By Márcio Bezerra
A 15-year-old geisha is bought in marriage and later abandoned by an American naval officer in — of all places — Nagasaki. The storyline of Giacomo Puccini’s Madama Butterfly is ripe with political and gender-related controversies. Yet, most traditional productions avoid tackling the
problematic subjects head-on.
That was the case with Palm Beach Opera’s latest production of the beloved opera, which opened its 2023 season Friday at the Kravis Center for the Performing Arts.
To be sure, no one can expect a regional opera company with three annual productions to engage in controversy with edgy productions, but even Palm Beach Opera’s previous staging of Butterfly in 2017 highlighted (albeit discreetly) the more uncomfortable political ramifications of the work. The result Friday night was a well-sung, yet soporific, version of the popular masterwork.
In the title role of Cio-Cio-San, soprano Jennifer Rowley displayed strong acting skills and a beautiful, controlled instrument. Her voice grew as the evening progressed and, by the time of her last aria, “Tu, tu, piccolo iddio,” she had the audience in her hands.
Unfortunately, she was not helped by conductor Carlo Montanaro, who directed the competent Palm Beach Opera Orchestra with a heavy hand. Throughout the work, the orchestra played way too loud, covering most of the singers. Additionally, Montanaro’s swift tempi did not allow the artists to indulge in the lyrical lines so typical of Puccini.
As the American naval officer Benjamin Franklin Pinkerton, tenor Jonathan Burton was also constantly drowned out by the orchestra, although his “Addio, fiorito asil” was sung with unmatched authority and ardor.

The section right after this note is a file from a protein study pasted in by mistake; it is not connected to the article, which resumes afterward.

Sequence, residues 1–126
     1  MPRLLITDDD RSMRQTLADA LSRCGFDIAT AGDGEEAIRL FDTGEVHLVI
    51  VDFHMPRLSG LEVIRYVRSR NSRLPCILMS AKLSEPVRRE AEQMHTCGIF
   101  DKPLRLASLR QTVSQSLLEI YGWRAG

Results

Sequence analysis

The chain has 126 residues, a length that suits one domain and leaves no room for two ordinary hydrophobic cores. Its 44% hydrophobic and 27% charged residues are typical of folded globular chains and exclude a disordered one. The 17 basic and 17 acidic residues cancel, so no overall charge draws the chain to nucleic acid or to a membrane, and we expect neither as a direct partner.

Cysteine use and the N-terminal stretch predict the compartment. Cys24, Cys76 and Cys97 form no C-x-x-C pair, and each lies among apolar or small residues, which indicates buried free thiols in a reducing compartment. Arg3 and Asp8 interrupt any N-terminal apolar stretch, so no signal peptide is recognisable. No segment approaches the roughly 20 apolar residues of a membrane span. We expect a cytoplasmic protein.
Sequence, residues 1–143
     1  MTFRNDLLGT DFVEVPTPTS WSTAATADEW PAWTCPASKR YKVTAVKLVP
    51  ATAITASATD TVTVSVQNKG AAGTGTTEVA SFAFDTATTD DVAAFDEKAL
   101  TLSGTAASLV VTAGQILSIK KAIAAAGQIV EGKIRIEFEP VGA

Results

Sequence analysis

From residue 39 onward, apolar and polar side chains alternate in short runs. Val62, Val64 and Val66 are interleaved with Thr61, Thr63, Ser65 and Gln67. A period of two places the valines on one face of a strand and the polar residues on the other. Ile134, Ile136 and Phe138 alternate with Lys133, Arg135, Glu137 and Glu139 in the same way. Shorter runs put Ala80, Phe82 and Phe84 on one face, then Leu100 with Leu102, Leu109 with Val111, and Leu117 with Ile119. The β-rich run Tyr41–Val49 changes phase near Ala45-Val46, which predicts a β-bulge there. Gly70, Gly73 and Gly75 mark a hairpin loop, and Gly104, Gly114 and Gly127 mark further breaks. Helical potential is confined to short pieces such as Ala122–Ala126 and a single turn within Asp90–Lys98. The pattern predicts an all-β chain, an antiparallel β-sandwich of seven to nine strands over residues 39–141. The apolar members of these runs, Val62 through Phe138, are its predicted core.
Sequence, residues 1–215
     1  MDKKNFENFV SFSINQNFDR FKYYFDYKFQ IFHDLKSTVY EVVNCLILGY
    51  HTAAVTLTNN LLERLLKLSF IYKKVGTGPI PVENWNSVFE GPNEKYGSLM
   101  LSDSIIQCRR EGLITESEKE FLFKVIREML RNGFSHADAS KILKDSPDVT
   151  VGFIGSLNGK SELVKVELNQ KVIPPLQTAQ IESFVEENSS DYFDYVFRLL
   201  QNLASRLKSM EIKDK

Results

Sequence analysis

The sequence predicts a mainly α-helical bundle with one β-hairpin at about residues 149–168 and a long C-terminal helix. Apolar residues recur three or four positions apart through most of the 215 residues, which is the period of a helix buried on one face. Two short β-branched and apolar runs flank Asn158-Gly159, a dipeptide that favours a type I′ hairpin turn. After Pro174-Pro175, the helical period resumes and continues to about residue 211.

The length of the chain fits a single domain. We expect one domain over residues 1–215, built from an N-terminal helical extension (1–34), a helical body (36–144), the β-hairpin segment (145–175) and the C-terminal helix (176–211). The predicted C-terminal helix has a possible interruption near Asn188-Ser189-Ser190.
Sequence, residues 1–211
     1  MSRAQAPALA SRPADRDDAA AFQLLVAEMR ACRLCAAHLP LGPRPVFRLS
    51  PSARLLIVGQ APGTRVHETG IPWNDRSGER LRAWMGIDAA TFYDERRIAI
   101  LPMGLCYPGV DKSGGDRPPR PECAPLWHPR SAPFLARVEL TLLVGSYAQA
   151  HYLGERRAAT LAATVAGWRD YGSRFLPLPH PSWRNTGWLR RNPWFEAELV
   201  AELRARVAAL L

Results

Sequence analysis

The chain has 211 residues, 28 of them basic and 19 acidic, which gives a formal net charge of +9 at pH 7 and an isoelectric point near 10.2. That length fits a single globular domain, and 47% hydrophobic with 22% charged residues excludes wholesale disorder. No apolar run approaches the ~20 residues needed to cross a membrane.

As Suzuki, mezzo-soprano Renee Tatum had a strong second act, her voice beautifully filling every corner of Dreyfoos Hall.
Troy Cook was a competent Sharpless, the American consul, though the only true standout in this production was Joshua Sanders as Goro. His perfect diction and powerful voice resonated even when Montanaro directed the orchestra as if there were no singers on the stage.
Minor roles, played mostly by resident artists, were sung with confidence. As the non-singing son of Cio-Cio-San, Sorrow, the young James Ayoub played the role admirably, taking ownership of a part that is usually little more than a cute prop in most productions.
Scenery from the New York City Opera was exquisitely beautiful – perhaps the most beautiful for Palm Beach Opera in recent memory – filling the stage without looking cumbersome, especially when the garden bridge was removed for acts two and three. Lighting by Anshuman Bhatia provided some beautiful moments, especially at the end of the second act.
All in all, a nice night at the opera. But, for those of us expecting a little more than nice entertainment, a missed opportunity.